With all the automotive madness whipped up by the Arizona auctions week, let’s take a look at how it affects the nostalgic car scene. First, collector car insurance company Hagerty issued a press release identifying three “segments represent[ing] a group of collector vehicles that are quickly gaining in popularity amongst enthusiasts” — classic pickups, early Japanese cars, and vintage motorcycles.
Cars such as a 1966–1970 Honda S800 and 1970–1977 Toyota Celica are receiving increased interest, as are well-preserved 1984–1991 Honda CR-X models, which are dwindling in numbers. “Many Japanese imports were used up and thrown away so now if you find a well-preserved original they are bringing tremendous money,” said panelist Rob Sass.
Over at Barrett-Jackson, Japanese cars are growing in number too. Barikan Coronas have always done well, and this red California coupe sold for a decent $13,750. Many an S30 Z-car crossed the auction block, and all seemed to reach selling bids of about $18-19,000, regardless of whether it was a more-desirable early 240Z or big-bumpered 280Z, or a BRE replica. Looks like someone could use a lesson on Z coolness.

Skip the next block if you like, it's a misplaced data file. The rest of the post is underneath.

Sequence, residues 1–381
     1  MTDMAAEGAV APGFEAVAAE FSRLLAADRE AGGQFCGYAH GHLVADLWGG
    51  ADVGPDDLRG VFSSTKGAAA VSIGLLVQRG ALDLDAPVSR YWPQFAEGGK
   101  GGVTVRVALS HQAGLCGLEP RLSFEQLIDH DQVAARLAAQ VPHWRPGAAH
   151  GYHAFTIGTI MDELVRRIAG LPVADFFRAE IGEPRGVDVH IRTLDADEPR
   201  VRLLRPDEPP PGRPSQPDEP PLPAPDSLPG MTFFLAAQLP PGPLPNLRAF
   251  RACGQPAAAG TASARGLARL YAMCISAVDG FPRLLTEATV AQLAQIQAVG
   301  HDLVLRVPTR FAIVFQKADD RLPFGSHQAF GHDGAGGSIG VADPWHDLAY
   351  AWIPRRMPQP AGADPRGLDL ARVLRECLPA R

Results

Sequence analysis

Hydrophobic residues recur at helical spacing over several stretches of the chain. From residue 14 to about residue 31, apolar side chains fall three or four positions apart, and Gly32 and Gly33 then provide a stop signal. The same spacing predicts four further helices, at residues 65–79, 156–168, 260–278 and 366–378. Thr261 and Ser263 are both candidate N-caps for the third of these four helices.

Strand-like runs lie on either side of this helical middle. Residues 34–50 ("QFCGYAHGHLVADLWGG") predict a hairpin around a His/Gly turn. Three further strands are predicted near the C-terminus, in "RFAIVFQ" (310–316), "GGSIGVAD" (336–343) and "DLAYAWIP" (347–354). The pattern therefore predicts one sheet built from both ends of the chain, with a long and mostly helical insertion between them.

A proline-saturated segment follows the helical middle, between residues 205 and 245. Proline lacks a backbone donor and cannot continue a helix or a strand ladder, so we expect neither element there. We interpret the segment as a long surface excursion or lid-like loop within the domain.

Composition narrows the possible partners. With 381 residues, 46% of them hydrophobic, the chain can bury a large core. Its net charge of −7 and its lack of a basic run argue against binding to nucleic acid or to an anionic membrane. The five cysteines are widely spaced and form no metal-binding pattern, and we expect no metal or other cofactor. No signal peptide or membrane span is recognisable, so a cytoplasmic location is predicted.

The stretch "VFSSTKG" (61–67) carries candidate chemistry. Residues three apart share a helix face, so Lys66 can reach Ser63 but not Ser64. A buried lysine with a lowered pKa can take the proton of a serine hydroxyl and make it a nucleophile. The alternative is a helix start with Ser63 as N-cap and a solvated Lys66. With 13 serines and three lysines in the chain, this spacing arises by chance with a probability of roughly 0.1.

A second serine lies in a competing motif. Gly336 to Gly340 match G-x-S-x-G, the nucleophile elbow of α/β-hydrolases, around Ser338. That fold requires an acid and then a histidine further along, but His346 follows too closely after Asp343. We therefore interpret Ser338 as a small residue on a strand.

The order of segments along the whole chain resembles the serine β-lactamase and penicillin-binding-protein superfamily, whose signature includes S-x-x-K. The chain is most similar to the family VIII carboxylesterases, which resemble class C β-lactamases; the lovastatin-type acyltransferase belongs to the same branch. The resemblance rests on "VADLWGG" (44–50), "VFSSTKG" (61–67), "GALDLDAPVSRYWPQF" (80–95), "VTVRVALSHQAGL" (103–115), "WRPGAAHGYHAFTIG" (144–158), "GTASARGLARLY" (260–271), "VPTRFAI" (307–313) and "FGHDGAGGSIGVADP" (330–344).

S130 ZXs didn’t fare nearly as well. At $2,200, it was beat out by specialty kei jidosha like the $7,700 Honda N600 and $12,100 Subaru 360, neither of which were original. A lightly modified Datsun 510 wagon sold for $8,525 and even got some notice on SpeedTV, but the top Japanese seller of them all? Once again, the FJ40 Toyota Land Cruiser, which went for $40,700 in restored-to-stock form or $55,000 for one resto-modded with an SBC.
The conclusion: while it looks like there is greater interest in Japanese cars from wealthy collectors, old rich guys still don’t value/know what a stock or period-correct Japanese nostalgic is.